5. I'll bite!

    Firstly, though, I need to come clean and own that my early religious experiences were in the Presbyterian and Methodist traditions of Christianity, and to this day I find much in the way they do things to make much more sense than the way we do. There is, it seems to me, more of a sense that there is a real "there" there. (I've often made the point in newcomer classes that, organizationally, Unitarian Universalism is not a denomination but, rather, and Association of affiliated congregations. Much more gelatenous.)

    Have we "outgrown congregational polity?" By "congregational polity" I understand that at the local level the ultimate institutional authority rests with the congregation as a whole, and at the Associational level it is, in a sense, the congregation of congregations that has the final say.

    I have heard it argued -- and fairly convincingling -- that this kind of democratic system functions best in small units. (The classic New England town meeting comes to mind.) At larger scales it is simply impractical, so I have heard.

    One of the reasons for this sense of impracticality is that true democracy -- which I understand true congregational polity to be -- is extremely labor intensive. People have to be involved. People have to be informed. People have to care. This is increasingly difficult to expect or, even, pretend to.

    And here, I think, is the crux of the problem. (Or, at least, A crux.) I am no polity scholar, but the way we work now seems to me to be a mixture of things. Can a Policy Governance model really be overlayed on a congregation that takes seriously policy governance? How about at the national, Associational level? We have, it seems, an unconscious and, perhaps, even unintentional mish-mash of forms and that, I would say, we have certainly outgrown.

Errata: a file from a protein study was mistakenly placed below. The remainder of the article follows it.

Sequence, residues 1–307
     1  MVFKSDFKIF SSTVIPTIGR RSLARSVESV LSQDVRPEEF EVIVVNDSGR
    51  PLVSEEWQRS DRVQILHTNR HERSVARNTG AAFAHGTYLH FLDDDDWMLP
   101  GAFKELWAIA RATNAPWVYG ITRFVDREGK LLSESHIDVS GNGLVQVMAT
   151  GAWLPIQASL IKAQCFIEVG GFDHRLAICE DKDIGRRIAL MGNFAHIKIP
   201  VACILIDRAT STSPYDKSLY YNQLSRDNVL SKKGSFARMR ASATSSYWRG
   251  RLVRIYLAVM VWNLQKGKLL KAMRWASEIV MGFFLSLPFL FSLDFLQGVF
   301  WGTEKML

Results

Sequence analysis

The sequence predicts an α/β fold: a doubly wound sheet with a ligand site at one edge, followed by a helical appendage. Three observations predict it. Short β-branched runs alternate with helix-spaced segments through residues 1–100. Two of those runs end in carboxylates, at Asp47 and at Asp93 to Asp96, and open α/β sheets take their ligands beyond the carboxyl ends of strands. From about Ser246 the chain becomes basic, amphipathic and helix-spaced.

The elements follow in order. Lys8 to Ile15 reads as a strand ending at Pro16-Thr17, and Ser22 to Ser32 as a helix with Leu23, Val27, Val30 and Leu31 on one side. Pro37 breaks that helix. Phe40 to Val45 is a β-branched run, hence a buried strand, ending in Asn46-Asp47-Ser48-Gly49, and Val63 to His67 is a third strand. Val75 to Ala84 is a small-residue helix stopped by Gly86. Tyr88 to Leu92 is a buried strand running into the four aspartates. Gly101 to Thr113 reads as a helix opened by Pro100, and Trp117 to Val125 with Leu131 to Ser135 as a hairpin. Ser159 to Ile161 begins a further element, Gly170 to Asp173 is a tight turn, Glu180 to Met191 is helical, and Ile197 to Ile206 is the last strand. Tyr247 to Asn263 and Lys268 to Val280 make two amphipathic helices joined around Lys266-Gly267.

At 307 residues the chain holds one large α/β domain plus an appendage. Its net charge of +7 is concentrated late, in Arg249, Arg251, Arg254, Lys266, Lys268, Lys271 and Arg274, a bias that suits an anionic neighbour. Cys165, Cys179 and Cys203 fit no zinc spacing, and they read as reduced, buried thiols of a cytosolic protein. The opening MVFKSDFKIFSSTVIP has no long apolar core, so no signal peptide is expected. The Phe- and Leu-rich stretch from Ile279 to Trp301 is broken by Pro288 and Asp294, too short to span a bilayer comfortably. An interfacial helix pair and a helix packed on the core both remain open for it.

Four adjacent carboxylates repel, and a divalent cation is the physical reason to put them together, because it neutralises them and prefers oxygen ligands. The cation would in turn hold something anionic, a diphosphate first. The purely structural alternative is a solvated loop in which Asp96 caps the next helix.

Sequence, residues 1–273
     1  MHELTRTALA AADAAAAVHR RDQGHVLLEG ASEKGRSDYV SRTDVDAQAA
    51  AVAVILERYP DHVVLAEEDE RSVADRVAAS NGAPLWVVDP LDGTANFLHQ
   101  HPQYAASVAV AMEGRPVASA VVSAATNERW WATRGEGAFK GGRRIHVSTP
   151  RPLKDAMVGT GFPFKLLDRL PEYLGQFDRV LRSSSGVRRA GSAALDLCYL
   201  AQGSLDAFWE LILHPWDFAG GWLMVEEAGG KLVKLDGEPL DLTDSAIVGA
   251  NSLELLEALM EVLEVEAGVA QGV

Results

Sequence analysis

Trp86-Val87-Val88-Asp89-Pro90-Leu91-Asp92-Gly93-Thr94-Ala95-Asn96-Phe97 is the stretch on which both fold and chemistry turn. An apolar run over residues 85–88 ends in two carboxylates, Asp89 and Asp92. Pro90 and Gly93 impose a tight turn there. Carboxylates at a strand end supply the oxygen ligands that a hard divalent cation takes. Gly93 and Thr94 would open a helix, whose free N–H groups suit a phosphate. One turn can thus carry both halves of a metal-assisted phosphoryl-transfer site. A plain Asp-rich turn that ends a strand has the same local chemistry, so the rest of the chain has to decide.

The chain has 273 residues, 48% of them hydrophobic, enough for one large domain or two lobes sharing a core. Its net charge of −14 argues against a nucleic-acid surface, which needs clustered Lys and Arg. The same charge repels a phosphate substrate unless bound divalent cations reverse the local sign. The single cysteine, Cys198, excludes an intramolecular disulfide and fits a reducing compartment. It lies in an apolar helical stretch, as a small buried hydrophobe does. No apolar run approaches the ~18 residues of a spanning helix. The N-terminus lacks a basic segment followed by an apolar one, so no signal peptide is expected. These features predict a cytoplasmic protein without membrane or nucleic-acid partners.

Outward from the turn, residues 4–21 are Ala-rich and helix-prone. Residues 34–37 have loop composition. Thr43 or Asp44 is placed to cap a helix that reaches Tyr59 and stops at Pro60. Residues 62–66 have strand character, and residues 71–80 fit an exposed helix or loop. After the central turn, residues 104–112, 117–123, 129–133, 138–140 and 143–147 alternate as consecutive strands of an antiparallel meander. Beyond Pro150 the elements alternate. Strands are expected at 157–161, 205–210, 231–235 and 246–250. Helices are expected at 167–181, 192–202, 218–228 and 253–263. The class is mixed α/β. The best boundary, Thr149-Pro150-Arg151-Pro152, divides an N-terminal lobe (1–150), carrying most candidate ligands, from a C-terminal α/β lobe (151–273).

6. RevWik: Policy governance(TM) is designed for organizations other than churches--the idea that it's applicable to a covenanted community is, I think, pretty questionable. Which is not to say that some of its ideas aren't things that should be borrowed. But even then, it's hard to apply it meaningfully (or beneficially) to a congregation that's on the smaller side (which means most of our congregations).

    But the bottom line here, for me, is that this is an absurd conversation, really. Imagine the association announcing it's a denomination and has authority over the member congregations. It'd be like trying to grab hold of barely set jello. Even *asking* for the beginning of such authority will get a rousing, almost unanimous, obscene Anglo-Saxonism in reply.

    A more meaningful question would be "What does congregational polity mean for us, today, in the context of our times and society? How can we best live it out, and how do we minimize its drawbacks (recognizing that every organizational system has drawbacks)?"

    In part, we're caught in the incomplete compromises of the merger. We've overstressed congregational autonomy to the point that the (very, very old, very good) idea that congregations *should* be in active relation with each other, locally, and should be helping each other figure things out, solve problems, etc. has been largely lost in the attic.